Alberta takes the lead in climate-change policy
Now, we need other jurisdictions to step up to the plate
by Michael Ganley
The NDP government introduced Bill 20, the Climate Leadership Implementation Act, in May. It is a bold and important step in the province’s efforts to curb greenhouse gas emissions. It will impose a price of $20 per tonne of carbon dioxide emitted in 2017, rising to $30 in 2018. It will funnel some of the $9 billion raised over the next five years into investments intended to lower greenhouse gas emissions and reduce the small business corporate tax rate from three per cent to two.
The plan has been endorsed by everyone from Cenovus Energy’s vice-president of government and community relations, Jim Campbell, to Bank of England Governor Mark Carney to the Pembina Institute’s executive director Ed Whittingham, who said it put Alberta in league with the most progressive jurisdictions in the world. Former New York mayor Michael Bloomberg wrote that “Alberta’s leadership is being noticed far beyond its borders.”
The plan has also come under fire, including from nine Wildrose MLAs who signed a bewildering, offensive, indefensible letter comparing the plan to the deliberate starvation of millions of Ukrainians in the 1930s. More reasonable critics pointed out that the playing field will be unlevelled for Albertan businesses if similar costs are not imposed in other jurisdictions, and that a patchwork of carbon tax schemes varying from jurisdiction to jurisdiction is not the best way to go. Both good points. Some businesses simply complained about higher costs. The Canadian airline industry, for instance, voiced its disapproval, making the tiresome point that it will add to the cost of flying (which is exactly what a carbon tax is meant to do, since flying consumes so much fossil fuel).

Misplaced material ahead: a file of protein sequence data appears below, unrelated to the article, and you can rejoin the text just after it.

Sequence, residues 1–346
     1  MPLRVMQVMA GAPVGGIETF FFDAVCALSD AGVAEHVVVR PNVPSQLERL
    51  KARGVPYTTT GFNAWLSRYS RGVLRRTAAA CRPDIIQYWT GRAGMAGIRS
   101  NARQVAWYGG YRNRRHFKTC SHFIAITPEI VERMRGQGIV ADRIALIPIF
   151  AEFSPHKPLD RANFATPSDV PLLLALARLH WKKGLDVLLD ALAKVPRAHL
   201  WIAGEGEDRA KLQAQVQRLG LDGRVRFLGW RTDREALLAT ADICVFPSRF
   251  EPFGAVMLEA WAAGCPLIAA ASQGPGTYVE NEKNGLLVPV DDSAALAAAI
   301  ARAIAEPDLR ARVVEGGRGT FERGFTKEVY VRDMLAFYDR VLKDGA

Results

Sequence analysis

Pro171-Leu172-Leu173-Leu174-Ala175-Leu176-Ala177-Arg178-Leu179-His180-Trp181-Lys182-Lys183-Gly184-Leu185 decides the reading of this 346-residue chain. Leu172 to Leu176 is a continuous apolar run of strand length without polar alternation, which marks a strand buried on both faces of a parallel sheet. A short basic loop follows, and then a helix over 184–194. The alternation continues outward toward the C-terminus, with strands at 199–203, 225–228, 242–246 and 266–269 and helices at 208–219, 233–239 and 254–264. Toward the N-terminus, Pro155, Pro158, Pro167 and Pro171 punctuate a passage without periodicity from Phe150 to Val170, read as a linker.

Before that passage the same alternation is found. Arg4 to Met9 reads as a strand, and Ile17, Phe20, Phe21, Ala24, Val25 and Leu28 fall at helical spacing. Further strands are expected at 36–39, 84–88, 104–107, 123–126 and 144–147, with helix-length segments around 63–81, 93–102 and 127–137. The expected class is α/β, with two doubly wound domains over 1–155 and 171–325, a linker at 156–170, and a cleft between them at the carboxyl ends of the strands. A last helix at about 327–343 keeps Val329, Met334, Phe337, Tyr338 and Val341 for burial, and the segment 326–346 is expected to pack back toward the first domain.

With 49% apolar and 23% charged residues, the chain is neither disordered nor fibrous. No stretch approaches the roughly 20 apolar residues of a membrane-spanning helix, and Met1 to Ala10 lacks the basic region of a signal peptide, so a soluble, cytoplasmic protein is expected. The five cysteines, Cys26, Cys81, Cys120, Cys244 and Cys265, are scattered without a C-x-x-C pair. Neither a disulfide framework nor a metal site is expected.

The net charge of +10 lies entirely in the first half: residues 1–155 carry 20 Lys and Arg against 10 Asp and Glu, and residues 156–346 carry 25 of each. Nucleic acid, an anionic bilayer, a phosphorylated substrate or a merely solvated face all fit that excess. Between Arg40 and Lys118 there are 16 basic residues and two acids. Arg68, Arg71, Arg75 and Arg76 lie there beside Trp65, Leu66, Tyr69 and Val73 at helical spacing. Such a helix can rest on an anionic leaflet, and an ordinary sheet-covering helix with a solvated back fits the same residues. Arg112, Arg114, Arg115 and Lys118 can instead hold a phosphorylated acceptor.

The most disappointing aspect of the government’s plan is the generous rebate that will flow to low- and middle-income Albertans. The government estimates that fully 60 per cent of Albertans will be eligible for the full rebate, and another six per cent will get partial rebates. Two-thirds of Albertans will get money back. A couple earning a combined $100,000 will get money back. This is too generous and undermines the policy’s intent. A carbon tax is supposed to make the consumption of fossil fuels more expensive. That’s how you modify behaviour. The government argues that the rebate is tied to income and not energy use, so people still have a financial incentive to reduce household emissions. But we’ve always had that incentive: If you use less energy, you’ll save money. So far, that hasn’t been enough, and the rebate structure should not be so generous.
The most important thing now will be for other jurisdictions to step up to the plate with their own, equally ambitious plans to level the playing field. But a carbon tax is not just another tax or fee and shouldn’t be debated as if it were. It’s a transformational way to run our fiscal operations and a crucial step to limit the extent of damage that will be done by a warming climate. It’s a moral imperative that we take such a bold step for the sake of the planet and all of its inhabitants.